The gap is that the effect of increased iron stores from delayed cord clamping on myelination and neurodevelopment during early childhood is unknown. Our hypothesis is that placental transfusion affects myelination and early childhood development in the following ways: 1) placental transfusions lead to increased blood volume (BV) and red cell volume (RCV) at birth; 2) increased RCV results in more available iron for early body iron stores; 3) increased body iron stores provide essential iron supply for optimal myelination; 4) optimal myelination results in improved developmental and cognitive performance. We propose a randomized controlled longitudinal (birth to 24 months) trial of 128 infants to measure the effect of placental transfusion on the structure and function of the developing brain. We will use a non-invasive neuroimaging technique to measure myelin acquisition over time and to correlate the findings with iron stores and developmental outcomes. Enrolled women will be randomized at birth to the immediate cord clamping group or the delayed cord clamping group. We will assess infants for iron sufficiency and myelin deposition at 4 and 10 months and evaluate developmental outcomes at 4, 10, and 24 months. This study will help to establish a scientific basis for the timing of cord clamping with reference to brain development. The innovation of this study is in the simplicity of delaying cord clamping combined with the use of a new method of MRI that can quantify myelin deposition. This low-tech change in a clinical practice has the potential to reduce iron deficiency and improve developmental outcomes. If delayed cord clamping demonstrates protective effects for optimal development, changing practice will translate into a large cost savings improving lifetime productivity beneficial to society as a whole.

  Eligibility

Ages Eligible for Study:   18 Years to 45 Years
Genders Eligible for Study:   Female
Accepts Healthy Volunteers:   Yes
Criteria

Inclusion Criteria:

  • women in the third trimester with:
  • singleton pregnancy
  • planning to breastfeed for six months
  • English speaking
  • planning vaginal birth

Exclusion Criteria:

  • major medical or obstetrical complications
  • Intrauterine growth restriction
  • chorioamnionitis
  • familial learning disability
  • major psychiatric or depressive illness
  • fetal congenital anomalies
  Contacts and Locations
Choosing to participate in a study is an important personal decision. Talk with your doctor and family members or friends about deciding to join a study. To learn more about this study, you or your doctor may contact the study research staff using the Contacts provided below. For general information, see Learn About Clinical Studies.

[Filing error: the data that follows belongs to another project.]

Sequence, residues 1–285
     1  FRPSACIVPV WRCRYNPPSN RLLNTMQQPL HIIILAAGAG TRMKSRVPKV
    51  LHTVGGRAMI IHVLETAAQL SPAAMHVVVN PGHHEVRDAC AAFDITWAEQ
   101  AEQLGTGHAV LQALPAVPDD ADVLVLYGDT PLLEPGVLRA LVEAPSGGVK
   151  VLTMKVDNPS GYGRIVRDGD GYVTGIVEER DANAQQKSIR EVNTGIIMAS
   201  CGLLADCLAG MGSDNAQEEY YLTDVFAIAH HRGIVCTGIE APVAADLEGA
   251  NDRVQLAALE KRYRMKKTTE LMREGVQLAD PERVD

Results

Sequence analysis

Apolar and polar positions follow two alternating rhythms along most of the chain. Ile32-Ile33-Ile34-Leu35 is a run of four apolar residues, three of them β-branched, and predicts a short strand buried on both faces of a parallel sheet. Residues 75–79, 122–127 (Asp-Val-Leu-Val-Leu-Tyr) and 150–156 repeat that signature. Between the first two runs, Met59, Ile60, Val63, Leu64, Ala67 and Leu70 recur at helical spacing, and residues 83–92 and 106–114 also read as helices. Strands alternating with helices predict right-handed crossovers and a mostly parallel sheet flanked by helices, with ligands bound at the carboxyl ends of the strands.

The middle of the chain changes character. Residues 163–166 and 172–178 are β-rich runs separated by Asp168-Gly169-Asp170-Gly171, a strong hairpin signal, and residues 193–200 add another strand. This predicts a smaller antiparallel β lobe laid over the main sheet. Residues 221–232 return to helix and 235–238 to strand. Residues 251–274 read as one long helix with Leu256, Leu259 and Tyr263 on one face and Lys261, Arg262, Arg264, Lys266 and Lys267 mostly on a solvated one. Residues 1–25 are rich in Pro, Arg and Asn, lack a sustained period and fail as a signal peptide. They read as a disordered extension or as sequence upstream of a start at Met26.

Please refer to this study by its ClinicalTrials.gov identifier: NCT01620008

Contacts
Contact: Debra A Erickson-Owens, PhD, CNM 401-274-1100 ext 8662 debeo@uri.edu
Contact: Judith S Mercer, PhD, CNM 401-274-1100 ext 8661 jmercer@uri.edu

Locations
United States, Rhode Island
Women & Infants Hospital of Rhode Island Recruiting
Providence, Rhode Island, United States, 02905
Contact: Manuela Barcelos, BA    401-274-1100 ext 8663    mbarcelos@wihri.org   
Principal Investigator: Debra A Erickson-Owens, PhD, CNM         
Principal Investigator: Judith Mercer, PhD, CNM         
Sponsors and Collaborators
University of Rhode Island
Women and Infants Hospital of Rhode Island
Brown University
Investigators
Principal Investigator: Judith S Mercer, PhD, CNM Women & Infants Hospital of Rhode Island, University of Rhode Island
Principal Investigator: Debra A Erickson-Owens, PhD, CNM University of Rhode Island; Women & Infants Hospital of Rhode Island
Principal Investigator: Sean C. Deoni, PhD Brown University
  More Information

Publications:
Responsible Party: Judith S Mercer, Principal Investigator, University of Rhode Island
ClinicalTrials.gov Identifier: NCT01620008     History of Changes
Other Study ID Numbers: Mercer-9329
Study First Received: June 12, 2012
Last Updated: April 26, 2013
Health Authority: United States: Institutional Review Board

Keywords provided by University of Rhode Island:
cord clamping (delayed or immediate)
Myelin content
Ferritin

Additional relevant MeSH terms:
Anemia, Iron-Deficiency
Anemia
Anemia, Hypochromic
Hematologic Diseases
Iron Metabolism Disorders
Metabolic Diseases

ClinicalTrials.gov processed this record on November 25, 2014